Detection of streptomycin resistance in Erwinia amylovora strains isolated from apple orchards in Chihuahua, Mexico
Fire blight, one of the most severe diseases of apple and pear, is caused by the bacterium Erwinia amylovora. One control method is the use of antibiotics like streptomycin; however, streptomycin is the only antibiotic registered to control fire blight. A total of 107 E. amylovora strains were isolated from apple orchards located in Cuauhtémoc and Guerrero, Chihuahua, two major apple-producing areas in Mexico, showing 40 and 24 % streptomycin-resistant strains, respectively. The identification of E. amylovora strains was performed by polymerase chain reaction (PCR) amplification of a 900-bp region located within the non-transferable pEA29 plasmid and by amplification of a specific 1,269-bp region located on the E. amylovora chromosome. The 107 isolates tested carried the pEA29 plasmid, and 36 % of the isolates from both locations showed high resistance to streptomycin at levels that ranged from 200 to ≥1,000 μg ml−1 streptomycin. The strA-strB and aadA genes, which encode enzymes that inactivate streptomycin, and a mutation in codon 43 of the rpsL gene that confers high resistance to the antibiotic were examined to determine the mechanism of streptomycin resistance. In total, 95 % of the resistant strains showed a single base pair mutation in codon 43 of the rpsL gene, causing an amino acid substitution in ribosomal protein S12. The presence of strA-strB and aadA genes or the rpsL mutation was not identified in the other 5 % of resistant strains, suggesting the existence of a new streptomycin resistance mechanism in E. amylovora.
KeywordsErwinia amylovora Apple Fire blight Streptomycin resistance
- Coyier, D. L., & Covey, R. P. (1975). Tolerance of Erwinia amylovora to streptomycin sulfate in Oregon and Washington. Plant Disease Reporter, 59(10), 849–852.Google Scholar
- Gorris, M. T., Cambra, M., Llop, P., López, M. M., Lecomte, P., Chartier, R., et al. (1996). A sensitive and specific detection of Ewinia amylovora based on the ELISA-DASI enrichment method with monoclonal antibodies. Acta Hoticulturae, 411, 41–45.Google Scholar
- McGhee, G. C., Guasco, J., Bellomo, L. M., Blumer-Schuette, S. E., Shane, W. W., Irish-Brown, A., et al. (2011). Genetic analysis of streptomycin-resistant (SmR) srains of Erwinia amylovora suggests that dissemination of two genotypes is responsible for the current distribution of SmR E. amylovora in Michigan. Phytopathology, 101(2), 182–191.PubMedCrossRefGoogle Scholar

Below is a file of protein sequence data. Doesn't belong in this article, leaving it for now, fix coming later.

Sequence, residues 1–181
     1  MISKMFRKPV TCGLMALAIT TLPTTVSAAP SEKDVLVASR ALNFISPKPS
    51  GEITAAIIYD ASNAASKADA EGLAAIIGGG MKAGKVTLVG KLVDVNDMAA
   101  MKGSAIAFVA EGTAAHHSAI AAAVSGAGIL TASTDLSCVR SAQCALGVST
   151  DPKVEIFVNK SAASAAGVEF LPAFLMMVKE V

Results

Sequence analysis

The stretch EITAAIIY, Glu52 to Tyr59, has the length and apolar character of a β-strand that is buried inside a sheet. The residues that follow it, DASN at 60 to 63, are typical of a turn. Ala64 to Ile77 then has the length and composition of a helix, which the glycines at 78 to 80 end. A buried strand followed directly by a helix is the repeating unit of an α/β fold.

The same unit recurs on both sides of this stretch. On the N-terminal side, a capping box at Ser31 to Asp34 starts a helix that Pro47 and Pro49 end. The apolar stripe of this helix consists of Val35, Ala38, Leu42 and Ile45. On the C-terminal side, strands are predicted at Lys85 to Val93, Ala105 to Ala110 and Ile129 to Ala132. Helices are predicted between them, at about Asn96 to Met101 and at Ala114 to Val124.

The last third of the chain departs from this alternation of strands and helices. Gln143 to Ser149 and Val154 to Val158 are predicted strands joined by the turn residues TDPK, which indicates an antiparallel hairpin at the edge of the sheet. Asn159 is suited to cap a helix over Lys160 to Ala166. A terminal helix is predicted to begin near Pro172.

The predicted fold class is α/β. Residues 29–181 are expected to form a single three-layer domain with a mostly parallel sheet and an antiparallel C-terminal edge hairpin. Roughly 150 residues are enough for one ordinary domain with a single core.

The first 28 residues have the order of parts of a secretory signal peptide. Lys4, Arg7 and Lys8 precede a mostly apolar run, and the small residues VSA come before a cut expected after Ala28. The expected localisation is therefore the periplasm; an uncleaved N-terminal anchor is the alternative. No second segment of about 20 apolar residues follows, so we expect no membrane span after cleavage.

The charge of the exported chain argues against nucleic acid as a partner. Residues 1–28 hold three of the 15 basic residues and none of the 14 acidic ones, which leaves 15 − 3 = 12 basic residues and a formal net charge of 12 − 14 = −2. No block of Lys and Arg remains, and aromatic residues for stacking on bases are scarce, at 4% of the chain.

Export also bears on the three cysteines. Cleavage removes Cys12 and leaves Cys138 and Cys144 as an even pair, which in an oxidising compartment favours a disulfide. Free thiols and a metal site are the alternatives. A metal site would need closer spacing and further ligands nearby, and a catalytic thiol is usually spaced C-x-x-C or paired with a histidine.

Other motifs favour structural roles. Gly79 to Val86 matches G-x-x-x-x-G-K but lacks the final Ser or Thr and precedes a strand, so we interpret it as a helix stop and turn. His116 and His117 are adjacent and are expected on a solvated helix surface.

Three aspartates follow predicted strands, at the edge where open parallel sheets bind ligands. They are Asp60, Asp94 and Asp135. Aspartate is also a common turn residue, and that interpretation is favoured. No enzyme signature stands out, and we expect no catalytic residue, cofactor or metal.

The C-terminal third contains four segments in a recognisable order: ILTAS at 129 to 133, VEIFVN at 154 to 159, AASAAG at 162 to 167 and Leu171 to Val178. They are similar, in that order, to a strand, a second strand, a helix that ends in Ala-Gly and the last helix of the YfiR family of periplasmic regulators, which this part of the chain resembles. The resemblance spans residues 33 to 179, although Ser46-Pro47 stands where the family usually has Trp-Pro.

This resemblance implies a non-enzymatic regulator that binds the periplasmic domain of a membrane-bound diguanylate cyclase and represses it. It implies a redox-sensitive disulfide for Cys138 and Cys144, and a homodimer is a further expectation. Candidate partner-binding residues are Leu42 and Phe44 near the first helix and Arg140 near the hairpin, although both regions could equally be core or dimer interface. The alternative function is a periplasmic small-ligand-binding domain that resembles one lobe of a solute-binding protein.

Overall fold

- Ramírez-Legarreta, M. R., Jacobo-Cuéllar, J. L., Ávila-Marioni, M. R., Gutiérrez–González, R., Parra-Quezada, R. A. (2003). Making decisions based on recommended practices for management of fire blight in apple in the mountains of Chihuahua. Technical Bulletin No. 6. Resource document in Spanish. National Institute for Forestry, Agriculture and Livestock (Instituto Nacional de Investigaciones Forestales, Agrícolas y Pecuarias). http://biblioteca.inifap.gob.mx:8080/jspui/handle/123456789/2561. PDF. Accessed 12 Dec 2012.
- Romo-Chacón, A., Berlanga-Reyes, D. I., Guerrero-Prieto, V. M., Martínez-Campos, R., Romero-Gómez, S., & Ramírez-Legarreta, M. R. (2011). Management of Erwinia amylovora with Oregano (Lippia berlandieri) essential oil and resistance study to streptomycin on apple trees cv. ‘golden delicious’. Mexican Journal of Phytopathology, 29(2), 119–132.Google Scholar
- Shaffer, W. H., & Goodman, R. N. (1985). Appearance of streptomycin-resistant Erwinia amylovora in Missouri apple orchards. Phytopathology, 75(11), 1281.Google Scholar
- Thomson, S. V., Gouk, S. C., Vanneste, J. L., Hale, C. N., & Clark, R. G. (1993). The presence of streptomycin resistant isolates of Erwinia amylovora in New Zealand. Acta Horticulturae., 338, 223–230.Google Scholar
- Van der Zwet, T., & Keil, H. L. (1979). Fire Blight. A bacterial disease of rosaceous plants: Handbook 510. Washington, DC: United States Department of Agriculture.Google Scholar